Your landlord is required by law to provide you with a safe and habitable home, which includes a home with working plumbing and one that's free from vermin and pests. It's not unusual to see roaches, especially in areas such as the humid South where the warm temperatures offer ideal breeding conditions. However, state laws vary on whether you or the landlord is responsible to pay to eradicate the pests. Your rights are determined by the laws in the state you live in as well as the wording in your lease.
TL;DR (Too Long; Didn't Read)
Landlords must deliver a rental property to a new tenant in habitable condition, which includes a pest-free dwelling. After move-in, if roaches or other pests inhabit the home, the cost for pest control depends on the terms of your lease.
Habitable Housing Guidelines
State laws regarding tenant and landlord responsibilities and rights vary, but they all require that the landlord provide a habitable place for you to live. An infestation of pests, such as roaches, makes the property uninhabitable. Spotting a roach here and there isn't the same as having an infestation. To spot signs of an infestation, look for roaches that appear during the day instead of at night.
Check your floors, countertops and drawers, especially kitchen drawers, for roach feces. These droppings look like coffee grounds or pepper, or they might be longer and cylindrical if your infestation is from larger roaches. If the property is infested when you move in, it's the landlord's responsibility to correct the problem. If you've been living there a while, the responsibility could be yours.
Basic Pest Control
Your lease should spell out who must pay for periodic pest control -- it's typically the landlord, unless the lease specifically gives this responsibility to the tenant. The landlord must make sure the property isn't infested when you move in, but after that, paying for periodic pest control could be your responsibility as the tenant unless the lease stipulates it's the landlord's responsibility.
If you're required to pay for pest control as it's spelled out in your lease or by state law, but you fail to do so, you might be responsible for all expenses incurred to rid the property of a roach infestation. In some cases, the tenant may be responsible for pest control during the lease if the lease agreement doesn't say otherwise. In many multi-unit buildings, the lease specifies that the landlord is responsible for pest control.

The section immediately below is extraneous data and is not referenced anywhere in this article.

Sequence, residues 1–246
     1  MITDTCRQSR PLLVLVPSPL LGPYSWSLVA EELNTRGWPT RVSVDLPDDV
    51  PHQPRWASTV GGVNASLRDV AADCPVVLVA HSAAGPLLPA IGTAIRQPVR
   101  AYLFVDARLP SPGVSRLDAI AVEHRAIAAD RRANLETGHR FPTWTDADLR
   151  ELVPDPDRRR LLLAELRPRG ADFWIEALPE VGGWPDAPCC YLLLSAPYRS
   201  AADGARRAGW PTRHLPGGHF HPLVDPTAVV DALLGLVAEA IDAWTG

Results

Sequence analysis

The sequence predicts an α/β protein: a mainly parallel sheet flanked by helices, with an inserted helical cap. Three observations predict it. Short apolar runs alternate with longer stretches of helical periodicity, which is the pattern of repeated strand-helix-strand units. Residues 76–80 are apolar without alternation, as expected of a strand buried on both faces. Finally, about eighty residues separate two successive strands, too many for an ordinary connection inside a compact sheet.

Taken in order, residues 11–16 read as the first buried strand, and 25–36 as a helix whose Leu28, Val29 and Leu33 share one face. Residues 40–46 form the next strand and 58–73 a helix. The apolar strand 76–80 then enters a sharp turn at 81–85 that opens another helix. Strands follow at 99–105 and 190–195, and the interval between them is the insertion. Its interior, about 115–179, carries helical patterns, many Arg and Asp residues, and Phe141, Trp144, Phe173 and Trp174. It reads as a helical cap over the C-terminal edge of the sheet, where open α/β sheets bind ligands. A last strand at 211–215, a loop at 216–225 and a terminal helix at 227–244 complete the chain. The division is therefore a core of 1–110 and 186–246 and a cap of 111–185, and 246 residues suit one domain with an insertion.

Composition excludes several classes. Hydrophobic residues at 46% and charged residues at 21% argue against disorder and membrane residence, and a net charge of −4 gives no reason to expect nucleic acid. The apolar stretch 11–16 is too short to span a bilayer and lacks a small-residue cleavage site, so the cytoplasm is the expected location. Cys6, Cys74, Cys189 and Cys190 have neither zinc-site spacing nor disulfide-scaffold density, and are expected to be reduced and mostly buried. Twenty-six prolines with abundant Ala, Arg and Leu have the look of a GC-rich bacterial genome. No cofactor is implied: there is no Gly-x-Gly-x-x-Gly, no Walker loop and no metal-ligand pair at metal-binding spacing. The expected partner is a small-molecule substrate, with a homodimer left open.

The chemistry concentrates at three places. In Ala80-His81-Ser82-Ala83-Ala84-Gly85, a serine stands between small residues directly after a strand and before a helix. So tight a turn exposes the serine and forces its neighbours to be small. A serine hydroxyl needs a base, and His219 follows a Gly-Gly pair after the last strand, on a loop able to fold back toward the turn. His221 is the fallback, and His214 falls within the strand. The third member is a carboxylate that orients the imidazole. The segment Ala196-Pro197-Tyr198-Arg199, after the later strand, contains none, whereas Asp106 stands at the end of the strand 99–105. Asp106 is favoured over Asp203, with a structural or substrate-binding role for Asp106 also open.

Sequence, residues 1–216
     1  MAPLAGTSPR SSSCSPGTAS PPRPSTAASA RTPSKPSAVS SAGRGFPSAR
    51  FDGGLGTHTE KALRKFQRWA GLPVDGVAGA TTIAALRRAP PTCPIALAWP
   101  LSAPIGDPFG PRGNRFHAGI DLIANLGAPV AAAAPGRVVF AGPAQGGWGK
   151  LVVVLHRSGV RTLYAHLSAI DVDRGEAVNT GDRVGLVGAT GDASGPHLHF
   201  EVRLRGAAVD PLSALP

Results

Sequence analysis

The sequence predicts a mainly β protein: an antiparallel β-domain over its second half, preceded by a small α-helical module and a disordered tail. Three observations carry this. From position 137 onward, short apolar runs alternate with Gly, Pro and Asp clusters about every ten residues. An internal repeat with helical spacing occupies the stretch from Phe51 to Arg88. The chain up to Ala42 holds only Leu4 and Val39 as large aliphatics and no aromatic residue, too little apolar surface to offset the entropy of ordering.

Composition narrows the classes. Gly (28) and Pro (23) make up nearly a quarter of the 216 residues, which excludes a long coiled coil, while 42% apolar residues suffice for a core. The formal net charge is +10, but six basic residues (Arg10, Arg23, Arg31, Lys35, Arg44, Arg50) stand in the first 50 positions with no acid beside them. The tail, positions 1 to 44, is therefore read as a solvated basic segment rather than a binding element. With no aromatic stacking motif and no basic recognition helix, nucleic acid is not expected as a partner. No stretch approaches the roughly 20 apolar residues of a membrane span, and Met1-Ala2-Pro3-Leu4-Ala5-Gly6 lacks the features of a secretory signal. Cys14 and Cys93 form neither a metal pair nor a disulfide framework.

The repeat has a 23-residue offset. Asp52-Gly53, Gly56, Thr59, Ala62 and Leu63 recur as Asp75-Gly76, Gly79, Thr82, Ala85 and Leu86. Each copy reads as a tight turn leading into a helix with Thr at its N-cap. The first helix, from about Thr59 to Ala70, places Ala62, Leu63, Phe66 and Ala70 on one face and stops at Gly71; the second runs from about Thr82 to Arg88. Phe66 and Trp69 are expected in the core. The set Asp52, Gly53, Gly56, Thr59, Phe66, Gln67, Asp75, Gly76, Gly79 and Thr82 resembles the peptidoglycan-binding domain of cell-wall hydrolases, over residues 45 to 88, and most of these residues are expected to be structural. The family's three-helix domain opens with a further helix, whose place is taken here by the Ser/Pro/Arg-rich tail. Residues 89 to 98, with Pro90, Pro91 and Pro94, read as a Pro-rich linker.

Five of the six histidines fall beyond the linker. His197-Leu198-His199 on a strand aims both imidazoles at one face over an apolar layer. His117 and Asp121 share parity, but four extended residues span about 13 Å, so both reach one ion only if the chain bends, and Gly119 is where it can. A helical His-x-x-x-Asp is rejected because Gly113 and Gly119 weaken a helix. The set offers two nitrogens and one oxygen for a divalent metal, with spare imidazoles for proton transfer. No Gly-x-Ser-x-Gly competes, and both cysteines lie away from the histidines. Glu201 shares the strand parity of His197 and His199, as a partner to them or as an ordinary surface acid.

Tenant's Living Conditions
Your house doesn't have to be dirty to see roaches inside occasionally. If the tenant's living conditions are attracting the roaches and causing the problem, the landlord can force you to pay for the pest control and evict you in most states.
For example, if the landlord enters the property -- with proper notice -- and sees a week's worth of dishes in the sink, food scraps on the floor, piles of garbage in the kitchen or bathrooms or other unhealthy circumstances, he can document the condition of the property and argue that your living practices are causing the roaches. Leaving a few dishes in the sink, forgetting to sweep one day and having laundry on the floor instead of in the hamper doesn't constitute unsafe living conditions.
What to Do
Some states might allow you to move out immediately if your unit is infested with roaches, while others require you to pay an exterminator to fix the problem, pay for temporary living quarters while the property is exterminated and take the amount you paid off your next month's rent. If you don't follow the procedure spelled out by your lease and the state law, you can end up as the one in trouble. Regardless of what kind of notice you must give or who is responsible for the pest control, always document the situation in writing and with photos in case the landlord decides to pursue legal action.
Based outside Atlanta, Ga., Shala Munroe has been writing and copy editing since 1995. Beginning her career at newspapers such as the "Marietta Daily Journal" and the "Atlanta Business Chronicle," she most recently worked in communications and management for several nonprofit organizations before purchasing a flower shop in 2006. She earned a BA in communications from Jacksonville State University.